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Cinema's Silk Routes


Soudhamini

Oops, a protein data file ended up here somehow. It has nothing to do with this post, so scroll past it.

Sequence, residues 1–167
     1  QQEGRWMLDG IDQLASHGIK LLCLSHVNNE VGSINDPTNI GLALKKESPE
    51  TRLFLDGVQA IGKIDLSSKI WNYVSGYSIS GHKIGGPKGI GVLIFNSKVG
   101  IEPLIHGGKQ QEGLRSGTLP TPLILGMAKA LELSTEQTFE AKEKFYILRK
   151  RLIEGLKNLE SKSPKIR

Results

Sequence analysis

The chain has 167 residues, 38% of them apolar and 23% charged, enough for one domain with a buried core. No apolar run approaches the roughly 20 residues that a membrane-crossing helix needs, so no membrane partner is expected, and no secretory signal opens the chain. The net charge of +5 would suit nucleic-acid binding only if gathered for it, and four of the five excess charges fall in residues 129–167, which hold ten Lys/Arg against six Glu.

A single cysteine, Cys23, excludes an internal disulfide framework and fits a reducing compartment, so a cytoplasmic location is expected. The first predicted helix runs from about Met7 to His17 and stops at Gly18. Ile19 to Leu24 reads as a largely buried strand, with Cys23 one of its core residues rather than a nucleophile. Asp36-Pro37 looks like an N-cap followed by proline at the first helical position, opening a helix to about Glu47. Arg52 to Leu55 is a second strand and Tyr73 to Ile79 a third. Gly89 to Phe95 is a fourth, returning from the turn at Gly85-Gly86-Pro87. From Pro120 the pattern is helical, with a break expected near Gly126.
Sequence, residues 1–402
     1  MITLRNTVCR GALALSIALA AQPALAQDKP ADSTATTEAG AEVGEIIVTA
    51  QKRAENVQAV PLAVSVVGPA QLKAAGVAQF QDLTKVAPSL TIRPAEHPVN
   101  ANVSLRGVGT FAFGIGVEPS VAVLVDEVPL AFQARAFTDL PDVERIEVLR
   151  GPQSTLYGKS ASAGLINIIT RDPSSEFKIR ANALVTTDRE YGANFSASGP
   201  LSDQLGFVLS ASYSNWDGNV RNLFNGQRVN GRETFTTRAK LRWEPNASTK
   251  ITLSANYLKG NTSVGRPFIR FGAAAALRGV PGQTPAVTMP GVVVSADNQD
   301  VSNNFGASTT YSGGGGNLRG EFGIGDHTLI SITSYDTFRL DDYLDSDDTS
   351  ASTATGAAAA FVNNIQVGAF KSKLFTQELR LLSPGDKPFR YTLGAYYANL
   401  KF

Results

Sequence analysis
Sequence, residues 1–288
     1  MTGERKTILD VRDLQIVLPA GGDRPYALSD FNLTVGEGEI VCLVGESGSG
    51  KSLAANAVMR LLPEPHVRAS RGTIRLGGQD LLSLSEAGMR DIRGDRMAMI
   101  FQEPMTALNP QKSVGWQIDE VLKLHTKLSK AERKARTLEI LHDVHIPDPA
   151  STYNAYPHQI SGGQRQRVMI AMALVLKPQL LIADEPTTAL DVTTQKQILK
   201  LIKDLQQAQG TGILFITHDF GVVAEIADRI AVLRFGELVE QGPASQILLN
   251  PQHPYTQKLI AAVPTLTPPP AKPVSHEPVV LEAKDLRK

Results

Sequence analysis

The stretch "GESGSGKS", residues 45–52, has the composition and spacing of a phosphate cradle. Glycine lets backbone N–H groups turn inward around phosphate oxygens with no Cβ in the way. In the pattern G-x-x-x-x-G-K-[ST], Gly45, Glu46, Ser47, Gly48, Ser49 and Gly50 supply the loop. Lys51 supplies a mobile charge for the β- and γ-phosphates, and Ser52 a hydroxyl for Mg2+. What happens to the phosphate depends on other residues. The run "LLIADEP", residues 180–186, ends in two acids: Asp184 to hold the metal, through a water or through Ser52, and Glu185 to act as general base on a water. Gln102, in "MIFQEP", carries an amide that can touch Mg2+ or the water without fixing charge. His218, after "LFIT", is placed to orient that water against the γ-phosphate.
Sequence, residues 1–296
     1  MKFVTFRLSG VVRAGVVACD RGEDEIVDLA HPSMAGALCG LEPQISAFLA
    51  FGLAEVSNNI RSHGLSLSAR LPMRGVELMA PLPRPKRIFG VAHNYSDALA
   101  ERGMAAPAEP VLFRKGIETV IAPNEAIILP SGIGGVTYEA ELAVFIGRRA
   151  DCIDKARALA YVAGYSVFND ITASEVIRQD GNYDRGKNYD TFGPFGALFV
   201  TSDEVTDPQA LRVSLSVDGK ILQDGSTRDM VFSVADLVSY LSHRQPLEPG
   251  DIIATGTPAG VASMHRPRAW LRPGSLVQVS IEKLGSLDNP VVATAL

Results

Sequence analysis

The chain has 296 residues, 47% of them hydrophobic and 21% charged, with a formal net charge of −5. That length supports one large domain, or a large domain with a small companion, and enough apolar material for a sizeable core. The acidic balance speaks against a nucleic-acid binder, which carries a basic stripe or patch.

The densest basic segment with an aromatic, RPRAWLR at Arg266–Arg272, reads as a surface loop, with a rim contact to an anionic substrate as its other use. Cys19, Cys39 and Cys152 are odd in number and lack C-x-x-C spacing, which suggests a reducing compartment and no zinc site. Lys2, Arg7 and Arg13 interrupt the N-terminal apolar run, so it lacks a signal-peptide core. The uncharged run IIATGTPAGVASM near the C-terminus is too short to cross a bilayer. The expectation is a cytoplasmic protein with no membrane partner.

One of the questions that never get asked of independent video work as it was, compulsively, of film is: Who is this made for? Who is the target audience? This could be a historical shift – from the struggling and resentful 1980s to the growing purchasing power and magnanimity of consumerist 21st century with its attendant growth in audio-visual sensibility, following the boom in television and now internet content. It could also be a particular unassuming quality of video itself.   I began work myself in the film medium and therefore for many years approached video as poor woman’s cinema. Only recently has the specificity of this medium begun to reveal itself to me. Today, I find it useful and exciting for exploring both self-expression and audio-visual aesthetics that I hope one day to take back into film! Dream on, say the trade magazines, promising doom (no, that’s not an oxymoron – one man’s promise often is another woman’s doom) with pixel sizes and hard-disk capacities, which are rapidly going to outpace film resolution. Is there no research happening at all on the film front, one wants to know. Is Kodak actually going to fold up and die, or worse, begin to manufacture HD diskettes? Is that really ‘worse’? If so, for whom? What exactly am I holding on to? Nostalgia? These are the questions I’d like to address in this article.   Among video’s default strengths is the duration it offers for lengthy shots. This does not automatically make it Deleuze’s time image but it certainly facilitates the search for it. Theoretically a shot in video can be as long as an hour without requiring a cut, for that’s the default duration of a shooting tape (as against the 4 or maximum 10 minutes in a film reel). This can stretch to three hours with a recorder attached, and become virtually indefinite with a hard-disk attachment. What this immediately reconstitutes is the possibility of ‘live performance’—I say, reconstitutes, because in the origins of cinema what we had was performance and narrative broken up to suit an assembly-line production of ‘alienated’ shots. And I call it ‘live’ not with reference to the body but with reference to real time. Video facilitates immeasurably the rendering of extended and open-ended (improvisatory) mise en scene.   Editing then becomes not about the construction of a dismembered whole but about lateral shifts—...


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